Compact soft x-ray transmission microscopy with sub-50 nm spatial resolution
ABSTRACT In this paper, the development of compact transmission soft x-ray microscopy (XM) with sub-50 nm spatial resolution for biomedical applications is described. The compact transmission soft x-ray microscope operates at lambda = 2.88 nm (430 eV) and is based on a tabletop regenerative x-ray source in combination with a tandem ellipsoidal condenser mirror for sample illumination, an objective micro zone plate and a thinned back-illuminated charge coupled device to record an x-ray image. The new, compact x-ray microscope system requires the fabrication of proper x-ray optical devices in order to obtain high-quality images. For an application-oriented microscope, the alignment procedure is fully automated via computer control through a graphic user interface. In imaging studies using our compact XM system, a gold mesh image was obtained with 45 nm resolution at x580 magnification and 1 min exposure. Images of a biological sample (Coscinodiscus oculoides) were recorded.
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- "A different approach was recently demonstrated by Hoshino & Aoki (2006), where a broadband solid-tantalumtarget laser-plasma source in combination with Woltertype grazing-incidence mirrors used both as condenser and objective resulted in an estimated resolution ∼100 nm. Kyong et al. (2006) combined an elliptical condenser mirror and zone plate optics for λ = 2.88 nm microscopy, claiming 50 nm resolution. Scanning microscopy with a laser-plasma source operating at 3.37 nm using a Mylar ® target (DuPont Teijin Films, Hopewell, VA, USA) was demonstrated by Michette et al. (2003), and was capable of resolving structures with a period ∼400 nm. "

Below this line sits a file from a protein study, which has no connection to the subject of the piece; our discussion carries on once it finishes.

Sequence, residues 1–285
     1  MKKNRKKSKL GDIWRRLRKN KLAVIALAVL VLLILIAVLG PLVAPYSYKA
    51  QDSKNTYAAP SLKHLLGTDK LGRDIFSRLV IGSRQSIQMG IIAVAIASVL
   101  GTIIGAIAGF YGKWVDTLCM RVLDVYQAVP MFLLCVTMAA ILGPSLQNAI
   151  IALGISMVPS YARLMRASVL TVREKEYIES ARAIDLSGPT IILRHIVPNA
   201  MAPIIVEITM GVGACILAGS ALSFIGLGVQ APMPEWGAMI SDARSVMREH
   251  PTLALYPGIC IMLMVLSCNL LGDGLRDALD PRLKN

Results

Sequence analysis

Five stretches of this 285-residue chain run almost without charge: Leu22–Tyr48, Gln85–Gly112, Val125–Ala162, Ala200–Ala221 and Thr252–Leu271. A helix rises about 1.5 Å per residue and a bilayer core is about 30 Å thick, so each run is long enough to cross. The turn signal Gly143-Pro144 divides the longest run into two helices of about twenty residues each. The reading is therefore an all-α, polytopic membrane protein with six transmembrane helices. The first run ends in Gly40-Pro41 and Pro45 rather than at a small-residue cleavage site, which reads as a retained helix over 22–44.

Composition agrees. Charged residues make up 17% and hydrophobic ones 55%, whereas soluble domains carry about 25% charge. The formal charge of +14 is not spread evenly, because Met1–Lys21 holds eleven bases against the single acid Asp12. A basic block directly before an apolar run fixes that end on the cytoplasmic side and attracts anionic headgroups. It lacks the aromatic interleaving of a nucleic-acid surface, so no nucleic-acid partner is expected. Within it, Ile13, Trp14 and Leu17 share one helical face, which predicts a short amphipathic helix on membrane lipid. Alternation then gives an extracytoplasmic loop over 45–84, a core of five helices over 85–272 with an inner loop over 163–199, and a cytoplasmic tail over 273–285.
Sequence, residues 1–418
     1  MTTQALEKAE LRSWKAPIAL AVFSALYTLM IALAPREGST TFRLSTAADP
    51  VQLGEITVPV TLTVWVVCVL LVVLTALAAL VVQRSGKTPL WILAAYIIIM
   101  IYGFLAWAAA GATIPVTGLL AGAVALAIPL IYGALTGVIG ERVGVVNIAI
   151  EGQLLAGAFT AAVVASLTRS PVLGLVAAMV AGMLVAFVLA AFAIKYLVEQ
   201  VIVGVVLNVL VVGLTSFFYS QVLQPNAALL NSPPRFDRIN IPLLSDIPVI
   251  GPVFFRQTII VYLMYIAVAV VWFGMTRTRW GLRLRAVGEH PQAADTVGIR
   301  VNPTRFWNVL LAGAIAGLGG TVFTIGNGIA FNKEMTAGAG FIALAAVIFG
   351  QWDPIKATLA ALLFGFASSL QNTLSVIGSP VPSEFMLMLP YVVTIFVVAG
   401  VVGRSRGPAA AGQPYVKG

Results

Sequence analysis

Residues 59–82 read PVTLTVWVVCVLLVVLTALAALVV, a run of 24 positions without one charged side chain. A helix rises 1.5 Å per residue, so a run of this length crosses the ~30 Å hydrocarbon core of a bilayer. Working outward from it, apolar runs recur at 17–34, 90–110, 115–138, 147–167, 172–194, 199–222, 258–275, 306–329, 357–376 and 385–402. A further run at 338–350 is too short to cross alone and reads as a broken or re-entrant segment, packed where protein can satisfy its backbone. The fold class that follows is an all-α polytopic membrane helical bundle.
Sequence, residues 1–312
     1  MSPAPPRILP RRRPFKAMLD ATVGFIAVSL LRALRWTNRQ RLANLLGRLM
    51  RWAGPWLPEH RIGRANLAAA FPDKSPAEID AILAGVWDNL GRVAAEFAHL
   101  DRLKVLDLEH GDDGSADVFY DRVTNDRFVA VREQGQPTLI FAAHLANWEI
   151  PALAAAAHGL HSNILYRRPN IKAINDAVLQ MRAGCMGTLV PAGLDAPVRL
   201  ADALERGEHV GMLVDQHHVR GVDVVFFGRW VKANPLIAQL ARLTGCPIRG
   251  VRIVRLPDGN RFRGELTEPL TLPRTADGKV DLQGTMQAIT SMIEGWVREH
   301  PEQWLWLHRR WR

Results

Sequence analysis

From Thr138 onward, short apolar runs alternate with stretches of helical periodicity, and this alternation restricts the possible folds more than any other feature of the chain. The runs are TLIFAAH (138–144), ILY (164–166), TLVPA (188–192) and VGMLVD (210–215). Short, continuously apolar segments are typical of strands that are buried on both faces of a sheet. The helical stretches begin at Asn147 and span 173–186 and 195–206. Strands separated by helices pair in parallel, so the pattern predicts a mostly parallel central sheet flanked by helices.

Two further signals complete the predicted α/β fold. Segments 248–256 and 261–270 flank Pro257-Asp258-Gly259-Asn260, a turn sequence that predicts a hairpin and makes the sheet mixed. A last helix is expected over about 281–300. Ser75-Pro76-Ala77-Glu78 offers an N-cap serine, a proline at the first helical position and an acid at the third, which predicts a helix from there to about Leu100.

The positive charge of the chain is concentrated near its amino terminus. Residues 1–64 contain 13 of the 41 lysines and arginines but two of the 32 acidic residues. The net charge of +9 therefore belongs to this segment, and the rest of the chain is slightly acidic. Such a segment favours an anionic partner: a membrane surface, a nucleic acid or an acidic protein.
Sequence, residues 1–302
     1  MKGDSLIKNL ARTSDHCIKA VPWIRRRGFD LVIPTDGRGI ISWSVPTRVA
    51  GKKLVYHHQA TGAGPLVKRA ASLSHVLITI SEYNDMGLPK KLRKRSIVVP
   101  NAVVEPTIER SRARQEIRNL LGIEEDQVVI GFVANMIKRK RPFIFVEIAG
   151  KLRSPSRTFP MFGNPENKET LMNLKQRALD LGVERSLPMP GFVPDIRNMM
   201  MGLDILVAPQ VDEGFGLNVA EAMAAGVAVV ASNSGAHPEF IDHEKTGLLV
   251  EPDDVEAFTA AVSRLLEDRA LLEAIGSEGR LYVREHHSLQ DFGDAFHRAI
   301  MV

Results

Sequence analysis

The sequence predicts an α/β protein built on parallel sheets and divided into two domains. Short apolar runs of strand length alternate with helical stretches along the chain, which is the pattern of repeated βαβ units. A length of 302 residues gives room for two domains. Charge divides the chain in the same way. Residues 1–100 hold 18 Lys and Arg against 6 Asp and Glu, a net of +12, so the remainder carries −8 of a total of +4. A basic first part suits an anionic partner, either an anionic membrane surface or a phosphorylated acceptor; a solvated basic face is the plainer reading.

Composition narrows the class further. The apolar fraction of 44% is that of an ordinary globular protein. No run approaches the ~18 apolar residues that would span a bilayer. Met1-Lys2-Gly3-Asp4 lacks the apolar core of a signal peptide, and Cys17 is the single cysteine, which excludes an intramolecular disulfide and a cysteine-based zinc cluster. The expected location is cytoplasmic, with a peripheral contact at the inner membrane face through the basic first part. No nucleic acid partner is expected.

ABSTRACT: We demonstrate compact full-field soft X-ray transmission microscopy with sub 60-nm resolution operating at lambda= 2.48 nm. The microscope is based on a 100-Hz regenerative liquid-nitrogen-jet laser-plasma source in combination with a condenser zone plate and a micro-zone plate objective for high-resolution imaging onto a 2048 x 2048 pixel CCD detector. The sample holder is mounted in a helium atmosphere and allows imaging of both dry and wet specimens. The microscope design enables fast sample switching and the sample can be pre-aligned using a visible-light microscope. High-quality images can be acquired with exposure times of less than 5 min. We demonstrate the performance of the microscope using both dry and wet samples.Journal of Microscopy 06/2007; 226(Pt 2):175-81. DOI:10.1111/j.1365-2818.2007.01765.x · 2.15 Impact Factor
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ABSTRACT: In this article we describe a 3D x-ray microscope based on a laboratory x-ray source operating at 2.7, 5.4 or 8.0 keV hard x-ray energies. X-ray computed tomography (XCT) is used to obtain detailed 3D structural information inside optically opaque materials with sub-30 nm resolution. Applications include imaging internal 3D arrays of nanostructures of smart materials, polymer nanocomposites, porosity and structural imaging within fuel cells; understanding the internal workings of nanosensors, imaging of whole hydrated cells and tissues; non destructive reverse engineering and failure analysis of semiconductor circuitry and MEMs devices.
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ABSTRACT: X-ray computed tomography (XCT) is a powerful nondestructive 3D imaging technique, which enables the visualization of the three dimensional structure of complex, optically opaque samples. High resolution XCT using Fresnel zone plate lenses has been confined in the past to synchrotron radiation centers due to the need for a bright and intense source of x-rays. This confinement severely limits the availability and accessibility of x-ray microscopes and the wide proliferation of this methodology. We are describing a sub-50nm resolution XCT system operating at 8 keV in absorption and Zernike phase contrast mode based on a commercially available laboratory x-ray source. The system utilizes high-efficiency Fresnel zone plates with an outermost zone width of 35 nm and 700 nm structure height resulting in a current spatial resolution better than 50 nm. In addition to the technical description of the system and specifications, we present application examples in the semiconductor field.Proceedings of SPIE - The International Society for Optical Engineering 08/2006; 6318:44-. DOI:10.1117/12.682383 · 0.20 Impact Factor